Fundamentals of Petroleum Geology

Hydrocarbons such as oil & gas are primarily found in deep sedimentary formations of fractured limestone and sandstone. Contrary to popular belief, they are not necessarily in vast pools underground. Rather, they are found within the pockets of rock formations spread over vast geographic areas.

Porosity & Permeability are the keys to recovering this oil and gas.

All stones have pores and capillaries in which liquids may be held. Porosity refers to the rock’s ability to store liquid hydrocarbons and is measured as a ratio of open spaces to sold material. A good way to understand porosity is to compare a piece of traditional lava rock to a piece of granite. The lava rock is filled with holes and cavities while the granite appears completely solid. Of course, the lava rock has the potential of holding a greater quantity of liquid, thus it has a higher porosity.


The pores and capillaries of rock may be interconnected. This interconnectedness allows liquids to flow more freely in, around, and through the rock. The measure of this flow-ability is referred to as Permeability. To successfully recover oil & gas, hydrocarbon reservoirs must have both a high degree of porosity and substantial permeability.

Williston Basin

The Williston Basin is a large geographic area covering portions of North & South Dakota, Montana, and Saskatchewan. At nearly 300,000 square miles, the Williston Basin is significantly larger than Texas.

Williston Basin Stratigraphic Column

Williston Basin Stratigraphic Column

The Stratigraphic Column of the Williston Basin shows the different geological formations found at various depths in the region. The most productive layers recently have been the Bakken and Three Forks formations. However, there is now renewed interest in the Spearfish formation, and continuing interest in the Lodgepole, Mission Canyon, Birdbear, and Red River formations.

The Bakken

The Bakken has been the most notable formation in the Williston Basin. Its exploration began in the 1950s, however, recent advances in exploration techniques coupled with higher crude oil prices have resulted in substantial improvement in oil recovery in this area.
In 2008, the U.S Geological Survey (USGS) reported up to 4.3 billion barrels of recoverable oil are stored in the Bakken formation. The State of North Dakota estimates up to 40 years of drilling activity will be required to tap this reserve.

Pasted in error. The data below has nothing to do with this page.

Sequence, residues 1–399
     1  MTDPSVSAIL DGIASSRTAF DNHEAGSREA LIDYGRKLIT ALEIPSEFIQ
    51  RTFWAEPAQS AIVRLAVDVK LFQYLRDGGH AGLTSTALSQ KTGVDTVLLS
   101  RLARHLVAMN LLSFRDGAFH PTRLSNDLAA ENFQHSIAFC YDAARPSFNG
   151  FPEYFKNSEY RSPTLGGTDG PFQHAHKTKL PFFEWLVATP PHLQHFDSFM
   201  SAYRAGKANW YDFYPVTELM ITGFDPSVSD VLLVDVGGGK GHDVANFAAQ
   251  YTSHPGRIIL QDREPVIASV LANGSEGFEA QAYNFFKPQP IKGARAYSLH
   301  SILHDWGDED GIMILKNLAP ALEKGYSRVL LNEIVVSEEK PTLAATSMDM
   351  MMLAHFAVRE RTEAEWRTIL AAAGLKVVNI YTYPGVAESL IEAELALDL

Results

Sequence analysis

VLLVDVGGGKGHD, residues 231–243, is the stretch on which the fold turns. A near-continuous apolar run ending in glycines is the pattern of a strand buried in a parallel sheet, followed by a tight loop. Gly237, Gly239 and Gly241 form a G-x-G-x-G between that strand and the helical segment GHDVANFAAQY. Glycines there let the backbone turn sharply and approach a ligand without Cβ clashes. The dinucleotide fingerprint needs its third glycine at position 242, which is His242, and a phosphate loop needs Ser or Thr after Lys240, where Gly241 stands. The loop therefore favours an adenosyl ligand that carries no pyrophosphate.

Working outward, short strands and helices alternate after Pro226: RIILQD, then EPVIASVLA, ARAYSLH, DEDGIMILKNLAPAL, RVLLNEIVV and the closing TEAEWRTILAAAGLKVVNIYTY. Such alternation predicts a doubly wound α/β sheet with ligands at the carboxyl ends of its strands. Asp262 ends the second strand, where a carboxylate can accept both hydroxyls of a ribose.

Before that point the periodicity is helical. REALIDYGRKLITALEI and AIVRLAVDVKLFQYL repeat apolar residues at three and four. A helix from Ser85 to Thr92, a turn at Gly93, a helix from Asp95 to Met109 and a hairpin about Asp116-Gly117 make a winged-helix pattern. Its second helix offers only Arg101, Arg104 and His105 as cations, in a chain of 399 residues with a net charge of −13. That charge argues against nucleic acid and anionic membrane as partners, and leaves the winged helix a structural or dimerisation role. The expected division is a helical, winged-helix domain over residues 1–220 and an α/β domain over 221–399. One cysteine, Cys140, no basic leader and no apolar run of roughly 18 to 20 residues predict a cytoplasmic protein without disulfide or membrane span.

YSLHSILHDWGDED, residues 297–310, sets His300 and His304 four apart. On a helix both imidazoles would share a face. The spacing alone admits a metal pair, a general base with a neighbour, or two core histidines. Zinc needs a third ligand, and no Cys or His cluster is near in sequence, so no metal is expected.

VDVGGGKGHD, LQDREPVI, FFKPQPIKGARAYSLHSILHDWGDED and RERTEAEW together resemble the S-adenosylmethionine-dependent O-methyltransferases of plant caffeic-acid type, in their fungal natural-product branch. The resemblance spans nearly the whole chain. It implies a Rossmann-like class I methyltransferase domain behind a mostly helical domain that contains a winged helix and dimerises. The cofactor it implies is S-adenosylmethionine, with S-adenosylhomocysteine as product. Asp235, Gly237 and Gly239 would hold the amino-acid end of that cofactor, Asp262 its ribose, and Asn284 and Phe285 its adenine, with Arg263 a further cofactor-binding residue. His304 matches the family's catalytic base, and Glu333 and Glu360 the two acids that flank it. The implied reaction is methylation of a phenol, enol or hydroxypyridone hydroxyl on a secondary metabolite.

What Are My Options As A Mineral Owner?

When the landman calls, you have two options. You may sign an oil & gas lease, or participate in the well.

Why Lease?

When you lease, you are basically assigning your rights to explore for minerals to us for a stated term. You are relieved of the liability and costs of drilling and operating the well in exchange for a smaller percentage of the gross production. You will also receive an upfront bonus payment which is based on the amount of mineral acres you own. Whether or not the well is ever drilled, or whether or not it is successful, you get to keep the bonus payment.
The cost of drilling and fracturing a horizontal well into the Bakken formation is typically $3 million to $4 million, but can cost $9 million or more. To make this large investment feasible, we must accumulate as much leasehold interest as possible. Otherwise, the well may never be drilled.

Why Participate?

Participants are essentially partners in the well. They receive a larger portion of the gross production, but also accept a proportionate share of the costs and liability. Participating is generally not recommended unless you have access to geological data, the history of other wells in the area, knowledge of drilling practices, and experience with the high-pressure legal and regulatory labyrinth associated with oil exploration. Drilling is a high-stakes game. It requires a significant investment and carries a substantial risk.